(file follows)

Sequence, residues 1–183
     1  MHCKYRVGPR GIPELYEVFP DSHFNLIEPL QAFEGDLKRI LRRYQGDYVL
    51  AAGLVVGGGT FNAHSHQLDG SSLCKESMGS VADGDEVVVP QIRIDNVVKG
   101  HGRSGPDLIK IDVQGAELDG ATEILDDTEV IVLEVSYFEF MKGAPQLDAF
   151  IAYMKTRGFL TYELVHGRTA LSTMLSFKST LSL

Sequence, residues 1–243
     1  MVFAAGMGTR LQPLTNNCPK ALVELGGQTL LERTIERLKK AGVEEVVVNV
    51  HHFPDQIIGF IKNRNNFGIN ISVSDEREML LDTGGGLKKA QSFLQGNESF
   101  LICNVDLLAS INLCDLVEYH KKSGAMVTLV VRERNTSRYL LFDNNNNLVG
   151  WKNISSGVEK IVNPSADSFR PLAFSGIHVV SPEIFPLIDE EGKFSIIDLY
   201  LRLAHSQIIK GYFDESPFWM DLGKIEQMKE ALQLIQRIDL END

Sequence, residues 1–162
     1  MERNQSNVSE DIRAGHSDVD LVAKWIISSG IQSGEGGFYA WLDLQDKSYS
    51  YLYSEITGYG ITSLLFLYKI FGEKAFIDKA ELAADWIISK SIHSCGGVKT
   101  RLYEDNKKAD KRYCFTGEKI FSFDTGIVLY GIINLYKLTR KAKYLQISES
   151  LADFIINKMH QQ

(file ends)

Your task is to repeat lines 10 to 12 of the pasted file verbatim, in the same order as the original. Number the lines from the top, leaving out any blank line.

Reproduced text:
   151  WKNISSGVEK IVNPSADSFR PLAFSGIHVV SPEIFPLIDE EGKFSIIDLY
   201  LRLAHSQIIK GYFDESPFWM DLGKIEQMKE ALQLIQRIDL END

Sequence, residues 1–162